Anti-Robot Combat Petition Aims to Stop Artificial Intelligence Weapons Access to Oregon

Autonomous weapons are in use in some countries and an Oregon man fears they will fall into the hands of the police

An Israeli Air Force Mk 84 Bomb Spice 2000 from Rafael poses to reporters at Tel Nof airbase, south of Tel Aviv, October 08, 2007. The SPICE system, which builds on technologies introduced with the AGM-142 Popeye series of medium-range air-to-surface missiles, converts a standard 2000lb Mk 84 (SPICE-2000) gravity bomb into a stand-alone, remote weapon system using an inertial navigation system augmented with a GPS guidance system. AFP PHOTO/JACK GUEZ. (Photo credit should read JACK GUEZ/AFP via Getty Images)

PORTLAND, Ore. (KOIN) — A Pendleton man filed a petition with the Oregon Secretary of State this week to stop combat robots from ever being used in the state. He calls it the Anti-Combat Robot Act.

Tikhon Andrew Gilson, 58, told KOIN 6 News he was very concerned about the use of autonomous robots in warfare. He said his worries started when he heard about a campaign to stop killer robots. The coalition that launched the campaign strives to ensure human control over the use of force. He calls for a new international law on the autonomy of weapon systems.

While Gilson said he knew the use of autonomous weapons in the state of Oregon could be years or even decades away, he wanted to act preemptively.

“In the modern and postmodern era, things go from testing and development to production pretty quickly. So I wanted to stay one step ahead,” he said.

Gilson’s petition, which was filed on Monday, proposes an amendment to the Oregon State Constitution that would ban the use of combat robots. His fear is that once the US military starts using autonomous robots or robots with artificial intelligence for warfare, it’s only a matter of time before US police forces Oregon did start to use them as well.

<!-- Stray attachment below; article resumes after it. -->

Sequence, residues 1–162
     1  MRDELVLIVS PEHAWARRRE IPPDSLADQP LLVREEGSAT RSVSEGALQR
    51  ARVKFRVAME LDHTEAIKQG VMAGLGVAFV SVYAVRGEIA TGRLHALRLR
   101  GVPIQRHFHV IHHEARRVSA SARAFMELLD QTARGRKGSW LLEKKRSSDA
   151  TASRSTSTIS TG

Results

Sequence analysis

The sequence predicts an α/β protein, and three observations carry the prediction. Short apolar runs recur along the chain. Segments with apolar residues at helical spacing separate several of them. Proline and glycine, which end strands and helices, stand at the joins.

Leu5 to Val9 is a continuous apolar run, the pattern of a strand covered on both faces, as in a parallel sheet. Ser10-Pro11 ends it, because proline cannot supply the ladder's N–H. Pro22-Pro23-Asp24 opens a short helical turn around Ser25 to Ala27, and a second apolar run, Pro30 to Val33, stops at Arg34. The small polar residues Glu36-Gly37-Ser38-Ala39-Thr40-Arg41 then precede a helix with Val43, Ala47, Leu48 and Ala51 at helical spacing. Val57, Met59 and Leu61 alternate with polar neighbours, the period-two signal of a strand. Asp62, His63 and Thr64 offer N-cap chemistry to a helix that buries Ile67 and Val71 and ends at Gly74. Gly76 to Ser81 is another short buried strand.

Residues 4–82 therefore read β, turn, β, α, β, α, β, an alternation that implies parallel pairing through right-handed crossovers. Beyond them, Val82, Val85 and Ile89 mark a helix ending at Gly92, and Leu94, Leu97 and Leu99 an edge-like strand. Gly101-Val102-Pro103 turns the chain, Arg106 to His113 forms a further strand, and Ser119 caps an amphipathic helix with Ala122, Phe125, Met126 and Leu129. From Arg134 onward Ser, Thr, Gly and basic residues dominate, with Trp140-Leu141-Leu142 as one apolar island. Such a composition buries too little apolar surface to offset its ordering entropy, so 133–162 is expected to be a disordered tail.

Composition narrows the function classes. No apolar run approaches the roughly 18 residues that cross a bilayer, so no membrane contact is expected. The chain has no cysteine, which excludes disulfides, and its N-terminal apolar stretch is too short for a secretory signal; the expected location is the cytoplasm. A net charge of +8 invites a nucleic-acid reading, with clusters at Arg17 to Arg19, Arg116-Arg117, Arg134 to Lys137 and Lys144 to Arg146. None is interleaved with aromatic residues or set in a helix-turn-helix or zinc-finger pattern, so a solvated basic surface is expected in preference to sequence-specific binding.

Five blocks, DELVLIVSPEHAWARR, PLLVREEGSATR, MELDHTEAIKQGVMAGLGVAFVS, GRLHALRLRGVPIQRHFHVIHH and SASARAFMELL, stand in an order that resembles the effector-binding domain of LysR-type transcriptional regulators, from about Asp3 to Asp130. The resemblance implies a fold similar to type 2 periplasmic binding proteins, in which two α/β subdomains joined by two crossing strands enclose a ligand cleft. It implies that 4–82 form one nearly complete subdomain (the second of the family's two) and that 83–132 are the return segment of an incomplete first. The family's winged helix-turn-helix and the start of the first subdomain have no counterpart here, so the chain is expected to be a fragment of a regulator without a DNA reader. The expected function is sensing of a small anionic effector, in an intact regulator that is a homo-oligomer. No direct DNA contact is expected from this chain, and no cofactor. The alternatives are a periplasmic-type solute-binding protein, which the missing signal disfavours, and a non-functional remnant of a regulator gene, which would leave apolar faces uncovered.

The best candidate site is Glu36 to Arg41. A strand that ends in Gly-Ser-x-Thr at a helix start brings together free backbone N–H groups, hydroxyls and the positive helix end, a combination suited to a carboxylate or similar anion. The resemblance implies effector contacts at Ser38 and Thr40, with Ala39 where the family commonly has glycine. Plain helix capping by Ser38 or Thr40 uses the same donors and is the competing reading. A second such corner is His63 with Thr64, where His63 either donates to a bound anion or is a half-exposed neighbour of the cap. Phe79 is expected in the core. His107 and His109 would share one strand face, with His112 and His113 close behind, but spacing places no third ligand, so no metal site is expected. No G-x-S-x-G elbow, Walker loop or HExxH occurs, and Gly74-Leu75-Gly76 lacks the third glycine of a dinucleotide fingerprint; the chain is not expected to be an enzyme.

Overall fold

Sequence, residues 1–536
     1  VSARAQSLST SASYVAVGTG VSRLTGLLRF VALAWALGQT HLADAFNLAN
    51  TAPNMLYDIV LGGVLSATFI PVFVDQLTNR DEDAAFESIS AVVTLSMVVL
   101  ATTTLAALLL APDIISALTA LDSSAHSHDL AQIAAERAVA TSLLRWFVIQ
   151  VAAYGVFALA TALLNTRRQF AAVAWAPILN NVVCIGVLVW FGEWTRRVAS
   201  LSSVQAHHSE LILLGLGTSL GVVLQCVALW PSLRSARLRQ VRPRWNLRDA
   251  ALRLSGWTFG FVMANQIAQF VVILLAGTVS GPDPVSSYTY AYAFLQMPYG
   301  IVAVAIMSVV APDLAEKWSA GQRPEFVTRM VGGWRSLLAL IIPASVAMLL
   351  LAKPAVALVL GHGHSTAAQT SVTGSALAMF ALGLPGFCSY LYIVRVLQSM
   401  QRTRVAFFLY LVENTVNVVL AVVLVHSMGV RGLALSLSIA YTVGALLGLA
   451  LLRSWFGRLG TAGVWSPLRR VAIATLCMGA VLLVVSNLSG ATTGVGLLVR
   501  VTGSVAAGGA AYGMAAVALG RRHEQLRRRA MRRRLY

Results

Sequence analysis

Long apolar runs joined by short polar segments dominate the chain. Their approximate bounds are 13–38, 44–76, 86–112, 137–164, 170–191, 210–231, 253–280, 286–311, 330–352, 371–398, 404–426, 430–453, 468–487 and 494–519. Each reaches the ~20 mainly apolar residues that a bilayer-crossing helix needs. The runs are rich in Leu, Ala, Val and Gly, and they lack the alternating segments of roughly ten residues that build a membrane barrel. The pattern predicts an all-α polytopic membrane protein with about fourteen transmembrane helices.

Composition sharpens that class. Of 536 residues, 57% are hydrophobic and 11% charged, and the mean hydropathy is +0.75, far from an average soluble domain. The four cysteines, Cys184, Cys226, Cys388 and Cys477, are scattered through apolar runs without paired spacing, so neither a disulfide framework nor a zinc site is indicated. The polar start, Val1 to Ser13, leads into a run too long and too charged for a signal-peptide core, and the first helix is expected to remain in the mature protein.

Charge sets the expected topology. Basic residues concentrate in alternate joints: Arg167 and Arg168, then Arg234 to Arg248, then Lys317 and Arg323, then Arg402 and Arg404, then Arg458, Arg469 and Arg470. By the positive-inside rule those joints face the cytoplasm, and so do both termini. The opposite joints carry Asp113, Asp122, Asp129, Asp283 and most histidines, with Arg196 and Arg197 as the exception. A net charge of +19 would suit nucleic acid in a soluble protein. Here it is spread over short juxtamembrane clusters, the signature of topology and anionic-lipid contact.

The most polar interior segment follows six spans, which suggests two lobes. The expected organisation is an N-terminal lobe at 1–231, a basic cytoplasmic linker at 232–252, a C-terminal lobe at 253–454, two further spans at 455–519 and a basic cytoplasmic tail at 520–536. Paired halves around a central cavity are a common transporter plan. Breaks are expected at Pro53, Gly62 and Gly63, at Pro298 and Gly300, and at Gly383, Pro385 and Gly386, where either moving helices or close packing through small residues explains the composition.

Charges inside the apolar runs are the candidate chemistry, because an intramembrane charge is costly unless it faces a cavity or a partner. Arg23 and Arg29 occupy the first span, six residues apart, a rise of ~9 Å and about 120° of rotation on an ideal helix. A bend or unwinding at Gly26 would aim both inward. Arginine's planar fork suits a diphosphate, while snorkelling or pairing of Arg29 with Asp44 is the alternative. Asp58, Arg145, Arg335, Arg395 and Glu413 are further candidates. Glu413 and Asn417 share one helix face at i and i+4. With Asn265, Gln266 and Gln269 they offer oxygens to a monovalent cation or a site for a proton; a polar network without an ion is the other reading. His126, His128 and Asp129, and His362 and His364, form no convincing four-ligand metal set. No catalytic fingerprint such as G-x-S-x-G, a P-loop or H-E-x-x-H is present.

According to the filed petition, Gilson believes robots used in warfare will be able to “kill and maim without limit.”

He said even the toughest of human enforcers have empathy, conscience and repentance, things he thinks a robot could never have.

The discussion about autonomous militarized robots is ongoing among the leaders of countries around the world. According to United Nations weapons experts and legal experts, lethal autonomous weapons systems were used in March 2020 in Libya to hunt down retreating soldiers loyal to Khalifa Hifter, the Libyan military officer.

A July 2021 article by The Washington Post said 30 countries supported enacting a total ban on lethal autonomous weapons, but the United States said concerns were overblown. The article also said that the Russian government does not believe the weapons cannot be banned because they do not yet exist.

KOIN 6 News reached out to Oregon Senate Speaker Peter Courtney and Oregon House Speaker Tina Kotek to ask if lawmakers had considered legislation regarding autonomous weapons or combat robots this last years. Neither Courtney nor Kotek responded by the deadline.

Gilson said he was not opposed to all robots. In fact, he thinks artificial intelligence can be used positively for things like agriculture and ambulances.

He said part of his concern about robots being used in warfare stems from the fact that he is a Quaker. He said Quakers believe in peaceful, non-violent social change and that expanding the use of robots in warfare would be a pathway to more violence.

“People, if they have enough money, could get their hands on executor bots and do a lot of harm with them,” he said.

The Oregon secretary of state said an initiative petition allows anyone to propose new laws, change existing laws, or change the constitution. Petitioners are encouraged to seek legal advice when drafting the text of a bill, but anyone can submit their ideas. They need to collect 1,000 sponsorship signatures to begin the process of writing the ballot title.

Gilson told KOIN 6 News he plans to call the secretary of state’s office on Thursday to find out more about the steps he needs to take to collect signatures.